When I was doing GitQlient I wanted to have a QTabWidget where I could pin some tabs. I did some research but I found that I had to tweak/hack how QTabWidget and specially the QTabBar inside they behave. At that time it was not an option since I wanted to have the work done ASAP. But now, I have had a little bit more time and I could manage to pin tabs in a QTabWidget.
I thought it was going to be easier than I expected and I’m aware that I don’t probably cover all cases. However, I think I’ve managed to created a class that inherits from QTabWidget where the tabs can actually be pinned.
In the image above I show how I pinned the first three tabs. The widget puts the pinned tabs in the beginning whereas the unpinned remain after them. Once a tab is unpinned, the widget will remove it from the left part and put the tab as the first one in the right part.
To pin/unpin (and to close a tab) you can do it through the UI using the context menu. This menu appears when you left-click in a tab and it acts over that clicked tab:
In the other hand, if you need to modify that behaviour programmatically, there are two methods you can use for that:
int addPinnedTab(QWidget *page, const QString &label); int addPinnedTab(QWidget *page, const QIcon &icon, const QString &label);
Both methods perform the same action that they do in QTabWidget but with the addition that they move the pinned tab to the beginning of the QTabBar.
Explaining the code
You can find the code in GitHub. In the next sections I’ll do an introduction to the code I wrote and why some things look like they are.
The code can be easily understood by a mid-level Qt developer. But even in that case I had to do some tweaks in order to bypass the normal functionality of the QTabBar.
The first thing I needed, of course, was to create a class that inherits from QTabWidget. In that class I’ve created two addPinnedTab methods that add the functionality to pin tabs. The main reason is that I need to keep track of what tabs are pinned and to move them to the right place when pinned.
I also had to overwrite the mousePressEvent and mouseReleaseEvent since I want to create a context menu to pin/unpin tabs. The reason for this is that I’m processing the signal tabBarClicked from the QTabWidget. This signal tells me what tab has been clicked and after getting it I need to filter the left click.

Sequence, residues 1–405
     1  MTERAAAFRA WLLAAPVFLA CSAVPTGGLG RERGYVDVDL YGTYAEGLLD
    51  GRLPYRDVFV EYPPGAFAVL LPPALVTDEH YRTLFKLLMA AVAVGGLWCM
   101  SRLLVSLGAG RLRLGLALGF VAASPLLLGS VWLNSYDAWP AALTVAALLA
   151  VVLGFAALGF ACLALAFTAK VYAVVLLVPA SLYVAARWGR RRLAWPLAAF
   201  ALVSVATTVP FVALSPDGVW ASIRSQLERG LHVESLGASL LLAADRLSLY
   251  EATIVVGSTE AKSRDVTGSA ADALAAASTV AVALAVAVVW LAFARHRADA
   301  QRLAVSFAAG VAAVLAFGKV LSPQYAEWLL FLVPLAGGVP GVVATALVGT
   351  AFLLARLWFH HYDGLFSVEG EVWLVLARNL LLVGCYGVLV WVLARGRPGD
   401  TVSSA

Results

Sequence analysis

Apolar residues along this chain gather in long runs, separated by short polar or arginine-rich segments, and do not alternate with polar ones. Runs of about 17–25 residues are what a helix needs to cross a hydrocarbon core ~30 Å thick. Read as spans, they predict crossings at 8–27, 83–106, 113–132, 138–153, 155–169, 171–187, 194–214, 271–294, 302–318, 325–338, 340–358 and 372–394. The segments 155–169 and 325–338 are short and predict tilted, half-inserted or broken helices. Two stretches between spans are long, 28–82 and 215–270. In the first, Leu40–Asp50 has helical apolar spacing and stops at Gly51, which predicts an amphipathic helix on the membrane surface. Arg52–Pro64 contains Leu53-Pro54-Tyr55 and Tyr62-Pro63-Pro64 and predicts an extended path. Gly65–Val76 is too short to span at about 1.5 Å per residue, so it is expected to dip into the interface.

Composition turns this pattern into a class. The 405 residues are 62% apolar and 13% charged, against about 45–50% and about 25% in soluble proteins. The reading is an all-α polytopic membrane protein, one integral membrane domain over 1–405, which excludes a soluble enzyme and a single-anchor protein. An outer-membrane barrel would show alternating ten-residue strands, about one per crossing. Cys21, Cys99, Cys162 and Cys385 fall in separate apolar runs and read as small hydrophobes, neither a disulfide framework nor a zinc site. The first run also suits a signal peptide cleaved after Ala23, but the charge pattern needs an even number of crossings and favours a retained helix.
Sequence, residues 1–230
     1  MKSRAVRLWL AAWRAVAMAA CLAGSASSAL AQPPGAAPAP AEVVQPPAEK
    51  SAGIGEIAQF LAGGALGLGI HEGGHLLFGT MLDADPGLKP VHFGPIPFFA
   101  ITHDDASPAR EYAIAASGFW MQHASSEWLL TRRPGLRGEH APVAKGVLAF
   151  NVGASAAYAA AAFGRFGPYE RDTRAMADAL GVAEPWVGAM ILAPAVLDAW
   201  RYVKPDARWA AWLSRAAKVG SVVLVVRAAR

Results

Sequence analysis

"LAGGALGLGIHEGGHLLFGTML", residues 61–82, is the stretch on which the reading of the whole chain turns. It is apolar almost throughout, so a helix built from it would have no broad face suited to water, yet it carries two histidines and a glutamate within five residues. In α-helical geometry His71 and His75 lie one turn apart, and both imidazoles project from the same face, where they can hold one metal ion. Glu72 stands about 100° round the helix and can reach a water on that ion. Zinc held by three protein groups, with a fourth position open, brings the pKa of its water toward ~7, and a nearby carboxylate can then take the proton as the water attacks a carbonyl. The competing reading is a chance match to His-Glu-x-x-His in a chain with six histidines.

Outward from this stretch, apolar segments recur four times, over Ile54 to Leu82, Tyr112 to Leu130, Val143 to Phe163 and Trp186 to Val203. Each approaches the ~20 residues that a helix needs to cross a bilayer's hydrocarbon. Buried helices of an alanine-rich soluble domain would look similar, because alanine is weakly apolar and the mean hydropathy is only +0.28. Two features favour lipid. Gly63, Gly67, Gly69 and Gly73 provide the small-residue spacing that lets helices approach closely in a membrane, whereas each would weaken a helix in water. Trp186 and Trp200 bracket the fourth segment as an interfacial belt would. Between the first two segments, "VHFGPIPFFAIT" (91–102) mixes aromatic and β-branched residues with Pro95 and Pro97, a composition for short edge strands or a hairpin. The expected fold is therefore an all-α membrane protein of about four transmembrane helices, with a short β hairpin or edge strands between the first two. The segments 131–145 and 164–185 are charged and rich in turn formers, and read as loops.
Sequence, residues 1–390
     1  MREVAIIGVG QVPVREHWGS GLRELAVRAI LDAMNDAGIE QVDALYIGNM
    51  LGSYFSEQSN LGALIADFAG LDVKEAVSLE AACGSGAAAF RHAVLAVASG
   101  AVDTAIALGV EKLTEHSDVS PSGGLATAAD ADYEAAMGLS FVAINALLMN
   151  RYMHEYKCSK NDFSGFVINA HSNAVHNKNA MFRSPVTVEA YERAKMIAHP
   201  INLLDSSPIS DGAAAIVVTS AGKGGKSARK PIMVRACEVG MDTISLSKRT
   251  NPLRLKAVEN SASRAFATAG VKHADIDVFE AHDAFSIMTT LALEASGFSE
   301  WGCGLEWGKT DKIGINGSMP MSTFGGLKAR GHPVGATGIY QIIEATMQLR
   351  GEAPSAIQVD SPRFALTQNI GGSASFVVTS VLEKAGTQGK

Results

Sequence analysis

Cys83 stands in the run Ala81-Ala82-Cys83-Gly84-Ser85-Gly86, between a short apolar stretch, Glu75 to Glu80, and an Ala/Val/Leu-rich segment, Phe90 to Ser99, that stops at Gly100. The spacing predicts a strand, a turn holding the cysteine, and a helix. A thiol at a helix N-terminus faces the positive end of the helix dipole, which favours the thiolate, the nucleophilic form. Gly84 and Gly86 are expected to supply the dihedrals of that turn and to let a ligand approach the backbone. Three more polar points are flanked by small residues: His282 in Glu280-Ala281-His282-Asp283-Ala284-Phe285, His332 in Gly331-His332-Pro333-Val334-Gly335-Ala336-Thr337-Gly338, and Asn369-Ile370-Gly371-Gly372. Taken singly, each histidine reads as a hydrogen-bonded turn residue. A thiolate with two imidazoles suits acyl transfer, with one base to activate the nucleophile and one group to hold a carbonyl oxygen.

Hidding the close button
By default, the QPinnableTabWidget has the close button visible for all the tabs. This is to allow the user to close easily a tab. However this adds an extra layer of complexity since I need to remove that close button for the pinned tabs. In addition, that same button needs to come back if the user decides to unpin the tab.
I dig into the Qt code and I saw that the QTabBar is adding an overloaded QAbstractButton so I did the same thing. I’ve created two different buttons one that adds the close button, and another that doesn’t show anything. I’ve extracted the code for the real close button from the implementation of the QTabBar. The fake one is just a dummy impl, necessary so it doesn’t crash.
Another tweak I had to do is to overload the QTabBar that QTabWidget has by default since I needed to disable the moving of the pinned tabs. I’ve created a class that overloads the mousePressEvent, mouseMoveEvent and mouseReleaseEvent. Here I check what tab index the user wants to move and I filter to only accept the unpinned ones.
Conclusions and code
I’d like to notice that most of the things I needed to do, can be done in Qt official widgets in an easier and more elegant way. Actually, my code seems more complicated than it is. Basically, because I had to fight the default implementation.
I’ve uploaded the code for QPinnableTabWidget as a library in my GitHub space. Please feel free to open bugs or add comments if you liked it.
sounds useful, push upstream please 🙂
So pinning a tab just moves it to the left and hides the close button, and unpinning a tab moves it to the right and shows the close button.
Is that all or am I missing something here?
I’m afraid you’re missing a lot.
It’s not only that. If that was as easy as hiding and showing buttons I wouldn’t have needed ~200 lines. You’re missing that in order to actually pin and replicate that behaviour there are some special needs for QTabWidget.
As I explain in the article, the problem is that QTabWidget gives for granted that it has buttons when you configure it as closable tabs. Since you cannot choose to hide or show the close button, you need to reimplement that logic with custom buttons.
In addition, you need to avoid the movement of the pinned buttons between the unpinned buttons.
Basically what the article says and what you can see here.
Why can’t you just hide the close button with:
tabBar->setTabButton(0, QTabBar::RightSide, 0);
tabBar->setTabButton(0, QTabBar::LeftSide, 0);
I’ve tested and you can actually pass nullptr (better than 0) when adding a pinned tab as you’re suggesting.
I think it’s even a better idea since I wouldn’t have to allocate memory to it.
Thanks for noticing it!
So I have tested this:
QFrame *fff = new QFrame();
QBoxLayout *fffl = new QBoxLayout(QBoxLayout::Direction::LeftToRight, fff);
QPinnableTabWidget *w = new QPinnableTabWidget(fff);
w->addTab(new QFrame(), “asd33”);
w->addTab(new QFrame(), “asd223”);
w->addTab(new QFrame(), “asd44”);
w->addPinnedTab(new QFrame(), “ssssssssssssssss”);
w->addPinnedTab(new QFrame(), “vvvvvvvvvvvv”);
When I moving tabs I have visual bugs (have video record).
Please report it in GitHub and there you can paste the video.